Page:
did not take up this position.
After the sudden passing of HaRav Meir Shapira zt"l on 7th Cheshvan
5694 (1933), HaRav Shach was asked by Rav Chaim Ozer Grodzensky zt"l
to become the rosh yeshiva of Lublin and he stayed there for a while.
He then served as maggid shiur in Novardok Yeshiva, where he taught
Torah to young students for two years. In a letter written by HaRav
Aharon Kotler to HaRav Chaim Ozer Grodzensky he asks Rav Chaim Ozer
"to use his influence to support Novardok Yeshiva since my relative,
the Gaon Rav Eliezer Shach shlita joined the yeshiva as a maggid
shiur, and I have it on reliable information from members of that
Yeshiva that the learning is on a superior level especially now that
my above relative has been accepted there, for he is great in Torah
and influencing others in Torah . . . "
In 5696 (1936) the Rosh Yeshiva became a maggid shiur in Karlin
Yeshiva in Luninetz, which was headed by the Rebbe Rav Avrohom
Elimelech Perlow zt"l.
For the entire article go to;
2001-11-09 Rabbi Eliezer Shach, Religious Giant, Dies
By Landau & Wiener
"We won't be seeing his likes again" is the kind of elegaic
one so often hears at funerals and reads in obituaries. Rarely is it
In the case of Rabbi Eliezer Menachem Shach, who died early last
Friday and was buried the same day in Bnei Brak â€
his age estimated
anywhere from 103 to 108 â€ the statement is indeed
A "late bloomer," Shach wielded power from the mid-1970s,
when he was
already elderly, through the mid-1990s, when he gradually succumbed
physical infirmity and withdrew from active public life.
On the broader political plane, Shach is considered one of the most
powerful forces in the evolution of Israeli society.
His place in Israel's political pantheon was achieved not only by his
vigorous leadership of his own yeshiva world but by his leadership,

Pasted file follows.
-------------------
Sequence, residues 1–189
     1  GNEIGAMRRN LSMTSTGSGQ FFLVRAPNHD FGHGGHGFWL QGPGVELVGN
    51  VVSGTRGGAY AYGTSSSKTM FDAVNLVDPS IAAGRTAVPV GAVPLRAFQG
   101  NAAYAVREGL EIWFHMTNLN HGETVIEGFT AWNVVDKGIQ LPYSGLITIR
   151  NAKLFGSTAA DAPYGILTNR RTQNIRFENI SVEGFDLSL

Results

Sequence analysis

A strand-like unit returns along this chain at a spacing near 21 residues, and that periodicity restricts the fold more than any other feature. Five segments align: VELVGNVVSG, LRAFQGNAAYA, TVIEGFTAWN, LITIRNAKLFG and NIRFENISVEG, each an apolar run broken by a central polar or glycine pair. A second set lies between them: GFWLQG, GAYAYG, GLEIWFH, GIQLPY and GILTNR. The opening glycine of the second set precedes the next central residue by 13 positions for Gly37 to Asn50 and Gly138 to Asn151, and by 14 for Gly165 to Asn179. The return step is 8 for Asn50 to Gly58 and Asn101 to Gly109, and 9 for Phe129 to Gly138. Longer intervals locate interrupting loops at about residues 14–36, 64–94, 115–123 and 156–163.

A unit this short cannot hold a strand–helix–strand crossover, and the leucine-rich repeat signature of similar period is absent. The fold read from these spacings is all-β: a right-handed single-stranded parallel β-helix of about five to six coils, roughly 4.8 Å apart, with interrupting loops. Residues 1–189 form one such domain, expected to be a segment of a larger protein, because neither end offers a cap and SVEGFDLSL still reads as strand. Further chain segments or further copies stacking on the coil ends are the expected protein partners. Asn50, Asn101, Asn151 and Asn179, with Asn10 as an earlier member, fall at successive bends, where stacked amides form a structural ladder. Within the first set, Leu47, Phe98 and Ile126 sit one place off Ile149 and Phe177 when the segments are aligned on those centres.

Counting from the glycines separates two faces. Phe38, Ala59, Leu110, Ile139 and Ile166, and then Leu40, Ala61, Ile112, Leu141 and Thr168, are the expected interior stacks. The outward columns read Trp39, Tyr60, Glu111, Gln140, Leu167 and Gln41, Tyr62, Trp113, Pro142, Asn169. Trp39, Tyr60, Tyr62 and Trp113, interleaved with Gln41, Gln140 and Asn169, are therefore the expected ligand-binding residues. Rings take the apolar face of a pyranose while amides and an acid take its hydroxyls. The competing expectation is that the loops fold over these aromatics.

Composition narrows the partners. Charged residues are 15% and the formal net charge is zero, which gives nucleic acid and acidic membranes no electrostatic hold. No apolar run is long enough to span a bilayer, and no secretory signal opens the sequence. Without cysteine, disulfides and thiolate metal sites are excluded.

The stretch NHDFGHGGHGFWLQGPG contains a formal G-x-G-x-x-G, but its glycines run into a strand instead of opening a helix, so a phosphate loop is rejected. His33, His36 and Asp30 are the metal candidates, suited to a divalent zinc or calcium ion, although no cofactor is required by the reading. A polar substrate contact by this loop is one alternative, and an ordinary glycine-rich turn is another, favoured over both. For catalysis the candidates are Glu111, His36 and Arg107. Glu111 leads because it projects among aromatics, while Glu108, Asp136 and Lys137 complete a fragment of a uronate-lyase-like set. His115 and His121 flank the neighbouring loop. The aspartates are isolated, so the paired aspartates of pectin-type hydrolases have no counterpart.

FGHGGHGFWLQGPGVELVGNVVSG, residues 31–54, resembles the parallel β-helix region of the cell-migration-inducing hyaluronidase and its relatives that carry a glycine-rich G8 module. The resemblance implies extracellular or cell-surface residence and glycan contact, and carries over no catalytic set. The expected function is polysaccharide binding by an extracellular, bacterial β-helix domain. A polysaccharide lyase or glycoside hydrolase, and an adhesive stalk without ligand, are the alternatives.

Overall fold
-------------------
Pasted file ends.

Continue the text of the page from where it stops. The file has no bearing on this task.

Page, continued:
during its formative period, of the Sephardic Orthodox Shas movement.
As a member of the Agudat Yisrael Council of Sages in the 1970s and
early '80s, Shach was consistently outspoken in his support of the
grievances being articulated â€ at first diffidently,
increasing vehemence â€ by young Sephardic Orthodox
The result was the creation of Shas, which exploded onto the Israeli
political scene with four Knesset seats in the 1984 general elections.
Shach fell out with the Shas leadership in 1990, when Shas' political
leader, Aryeh Deri, teamed with Labor's Shimon Peres to bring down the
Likud-Labor unity government in what became known in Israeli history
as "the stinking maneuver." The two were stunned when Shach
back the left-wing government they intended to set up.
Relations between Shach and Shas never entirely healed, and ended
definitively with the 1992 elections, when Shach said Sephardic Jews
were not yet ready for leadership roles and Yosef defied Shach's
wishes and brought Shas into the Rabin government.
Especially since he ceased most activity in recent years, Shach had
become more important to the fervently Orthodox world as an icon than
in any practical sense, according to Samuel Heilman, author of
"Defenders of the Faith: Inside Ultra-Orthodox Jewry" â€
hardly diminished his stature.
"More than him personally, there is this sense that is dominant
[fervently Orthodox] community that the great leaders and men are no
longer with us," Heilman said. The attitude "is that the giants
yesterday and we're pigmeat today. The older one is, when he dies
there's a feeling that 'woe is us, there are no greats to take his
and Julie Wiener, Jewish Telegraphic Agency